Reputation
3,463
Top tag
Next privilege 5,000 Rep.
Approve tag wiki edits
Badges
2 11 39
Impact
~123k people reached

Jul
14
answered Problems regarding exponents
Jul
7
comment I have to show $(1+\frac1n)^n$ is monotonically increasing sequence
Unless I'm missing something, that sequence is increasing, not decreasing.
Jul
1
accepted Does this weird sequence have a limit?
Jun
30
comment Does this weird sequence have a limit?
That's interesting. Does this change if instead of picking a number from ${1,2,3,4,5,6}$ we choose a random real number, or maybe one from the interval $[0,1]$?
Jun
30
comment Does this weird sequence have a limit?
@anon: Making a needlessly complicated definition was sort of the point. Also, you don't necessarily have to choose $k$ randomly. You can start from $1$ and work your way up if you want; the point is not so much in what order the terms are calculated, but that you can calculate $a_k$ for any $k$ you want.
Jun
30
comment Does this weird sequence have a limit?
@AndréNicolas: What I mean if that $a_k$ has already been calculated, there is no need to roll the die again. We just look at the list and check what was the value of $a_k$.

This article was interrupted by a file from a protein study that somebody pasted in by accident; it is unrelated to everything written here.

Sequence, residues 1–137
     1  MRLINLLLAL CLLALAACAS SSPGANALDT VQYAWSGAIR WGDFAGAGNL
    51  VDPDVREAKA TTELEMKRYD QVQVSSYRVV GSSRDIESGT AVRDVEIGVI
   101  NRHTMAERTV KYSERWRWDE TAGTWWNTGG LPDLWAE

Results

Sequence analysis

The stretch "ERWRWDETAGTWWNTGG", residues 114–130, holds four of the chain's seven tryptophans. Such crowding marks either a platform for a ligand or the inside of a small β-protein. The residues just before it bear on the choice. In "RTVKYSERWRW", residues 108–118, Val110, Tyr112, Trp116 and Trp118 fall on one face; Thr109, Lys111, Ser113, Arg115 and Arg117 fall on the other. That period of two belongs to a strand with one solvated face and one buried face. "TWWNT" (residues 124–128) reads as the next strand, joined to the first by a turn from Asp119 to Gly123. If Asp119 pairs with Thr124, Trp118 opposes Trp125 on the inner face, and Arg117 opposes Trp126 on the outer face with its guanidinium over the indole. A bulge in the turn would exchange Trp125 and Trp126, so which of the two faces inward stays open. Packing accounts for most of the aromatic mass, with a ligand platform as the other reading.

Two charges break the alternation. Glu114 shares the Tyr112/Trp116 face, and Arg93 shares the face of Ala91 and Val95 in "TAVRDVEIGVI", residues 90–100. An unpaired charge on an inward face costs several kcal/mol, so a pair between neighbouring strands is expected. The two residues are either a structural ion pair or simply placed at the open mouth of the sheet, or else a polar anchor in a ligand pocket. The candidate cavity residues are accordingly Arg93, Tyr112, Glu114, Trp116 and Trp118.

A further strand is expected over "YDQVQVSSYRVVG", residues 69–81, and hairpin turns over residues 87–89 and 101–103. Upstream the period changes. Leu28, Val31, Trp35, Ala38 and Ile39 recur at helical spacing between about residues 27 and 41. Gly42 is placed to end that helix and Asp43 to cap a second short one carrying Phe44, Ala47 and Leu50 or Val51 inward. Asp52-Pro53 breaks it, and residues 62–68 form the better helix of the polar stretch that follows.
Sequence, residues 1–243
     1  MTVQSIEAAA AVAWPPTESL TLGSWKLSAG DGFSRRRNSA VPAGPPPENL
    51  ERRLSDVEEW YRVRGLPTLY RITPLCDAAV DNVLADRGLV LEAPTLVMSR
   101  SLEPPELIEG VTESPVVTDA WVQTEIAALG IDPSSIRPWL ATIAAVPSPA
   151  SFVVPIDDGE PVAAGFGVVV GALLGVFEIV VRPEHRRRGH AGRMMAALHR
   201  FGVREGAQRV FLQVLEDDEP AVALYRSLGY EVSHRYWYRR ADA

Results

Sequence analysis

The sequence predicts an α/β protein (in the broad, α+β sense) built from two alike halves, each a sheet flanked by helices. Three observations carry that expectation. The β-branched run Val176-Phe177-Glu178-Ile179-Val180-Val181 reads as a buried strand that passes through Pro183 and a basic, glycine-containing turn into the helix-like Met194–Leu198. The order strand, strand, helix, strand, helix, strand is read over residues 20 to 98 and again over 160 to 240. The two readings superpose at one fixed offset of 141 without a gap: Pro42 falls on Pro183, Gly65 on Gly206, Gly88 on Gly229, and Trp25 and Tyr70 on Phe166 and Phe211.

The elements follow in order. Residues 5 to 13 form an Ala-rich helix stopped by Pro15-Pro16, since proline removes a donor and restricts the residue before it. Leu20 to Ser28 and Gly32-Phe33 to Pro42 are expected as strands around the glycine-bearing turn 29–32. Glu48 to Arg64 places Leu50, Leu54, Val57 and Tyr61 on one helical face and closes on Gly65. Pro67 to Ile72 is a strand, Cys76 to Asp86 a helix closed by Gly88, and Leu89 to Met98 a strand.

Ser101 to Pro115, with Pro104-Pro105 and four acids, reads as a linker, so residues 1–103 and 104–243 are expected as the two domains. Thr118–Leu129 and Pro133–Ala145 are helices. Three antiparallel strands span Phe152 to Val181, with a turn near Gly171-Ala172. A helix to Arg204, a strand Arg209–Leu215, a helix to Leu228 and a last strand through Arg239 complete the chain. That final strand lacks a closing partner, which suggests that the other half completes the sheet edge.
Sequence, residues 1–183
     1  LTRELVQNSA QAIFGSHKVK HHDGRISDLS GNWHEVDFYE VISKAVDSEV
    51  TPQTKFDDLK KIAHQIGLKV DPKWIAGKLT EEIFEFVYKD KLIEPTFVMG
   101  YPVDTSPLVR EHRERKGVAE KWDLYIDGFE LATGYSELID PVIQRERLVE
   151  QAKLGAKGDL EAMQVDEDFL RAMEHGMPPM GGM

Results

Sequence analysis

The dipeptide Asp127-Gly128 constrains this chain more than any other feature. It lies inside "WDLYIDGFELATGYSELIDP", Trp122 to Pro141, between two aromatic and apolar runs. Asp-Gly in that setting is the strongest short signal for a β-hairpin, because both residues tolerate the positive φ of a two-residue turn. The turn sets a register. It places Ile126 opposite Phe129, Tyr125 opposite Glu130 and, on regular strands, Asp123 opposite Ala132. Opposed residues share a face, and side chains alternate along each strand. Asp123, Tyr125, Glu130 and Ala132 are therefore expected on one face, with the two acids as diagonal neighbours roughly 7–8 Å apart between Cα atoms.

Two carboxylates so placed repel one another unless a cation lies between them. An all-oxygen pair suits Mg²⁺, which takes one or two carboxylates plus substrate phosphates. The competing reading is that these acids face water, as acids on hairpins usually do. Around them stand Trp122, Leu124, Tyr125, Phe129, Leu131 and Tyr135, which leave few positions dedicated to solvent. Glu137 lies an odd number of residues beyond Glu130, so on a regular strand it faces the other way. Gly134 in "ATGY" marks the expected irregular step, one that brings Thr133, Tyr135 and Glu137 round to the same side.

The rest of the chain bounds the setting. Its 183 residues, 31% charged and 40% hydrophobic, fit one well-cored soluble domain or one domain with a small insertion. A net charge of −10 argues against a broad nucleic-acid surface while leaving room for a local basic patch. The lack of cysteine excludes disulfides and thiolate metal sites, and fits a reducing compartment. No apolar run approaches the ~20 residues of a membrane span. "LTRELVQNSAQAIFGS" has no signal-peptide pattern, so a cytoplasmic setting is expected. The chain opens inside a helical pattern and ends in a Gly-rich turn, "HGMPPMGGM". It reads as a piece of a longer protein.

Jun
30
asked Does this weird sequence have a limit?
Jun
24
awarded  Nice Question
Jun
23
revised Expanding out summation signs
transformed image into latex, hope I read it right
Jun
23
suggested approved edit on Expanding out summation signs
Jun
23
comment If a function has a finite limit at infinity, does that imply its derivative goes to zero?
Also, a nitpick: shouldn't it be $x > 0$ instead of $x \ge 0$?
Jun
23
comment If a function has a finite limit at infinity, does that imply its derivative goes to zero?
This is the answer I like more, simply because you provided a function for which it is easy to check that it's a counterexample (just differentiate and take limits). Thanks!
Jun
23
accepted If a function has a finite limit at infinity, does that imply its derivative goes to zero?
Jun
23
asked If a function has a finite limit at infinity, does that imply its derivative goes to zero?
Jun
20
awarded  Nice Question
Jun
8
awarded  Caucus
Jun
4
accepted How do we know that $\exp(x)$ agrees with raising a number to a rational power?
Jun
4
comment How do we know that $\exp(x)$ agrees with raising a number to a rational power?
Yeah, sorry about that, fixed it. I think I liked Jim Belk's answer a little more, but thanks for your help!
Jun
4
revised How do we know that $\exp(x)$ agrees with raising a number to a rational power?
deleted 168 characters in body
Jun
4
comment How do we know that $\exp(x)$ agrees with raising a number to a rational power?
Yes, we used that property to define rational powers, but we also knew how to define integer powers and roots, and we used $a^{b^c}=a^{bc}$ to define rational powers in terms of those.